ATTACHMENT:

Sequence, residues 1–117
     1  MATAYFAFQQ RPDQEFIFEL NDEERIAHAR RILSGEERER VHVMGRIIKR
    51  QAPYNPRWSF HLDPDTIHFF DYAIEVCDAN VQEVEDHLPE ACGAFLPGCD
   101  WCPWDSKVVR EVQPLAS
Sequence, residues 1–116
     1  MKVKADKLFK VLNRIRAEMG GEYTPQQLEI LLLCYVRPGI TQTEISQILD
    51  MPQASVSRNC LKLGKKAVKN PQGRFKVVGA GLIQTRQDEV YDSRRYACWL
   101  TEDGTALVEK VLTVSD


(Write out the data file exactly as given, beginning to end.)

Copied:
Sequence, residues 1–117
     1  MATAYFAFQQ RPDQEFIFEL NDEERIAHAR RILSGEERER VHVMGRIIKR
    51  QAPYNPRWSF HLDPDTIHFF DYAIEVCDAN VQEVEDHLPE ACGAFLPGCD
   101  WCPWDSKVVR EVQPLAS
Sequence, residues 1–116
     1  MKVKADKLFK VLNRIRAEMG GEYTPQQLEI LLLCYVRPGI TQTEISQILD
    51  MPQASVSRNC LKLGKKAVKN PQGRFKVVGA GLIQTRQDEV YDSRRYACWL
   101  TEDGTALVEK VLTVSD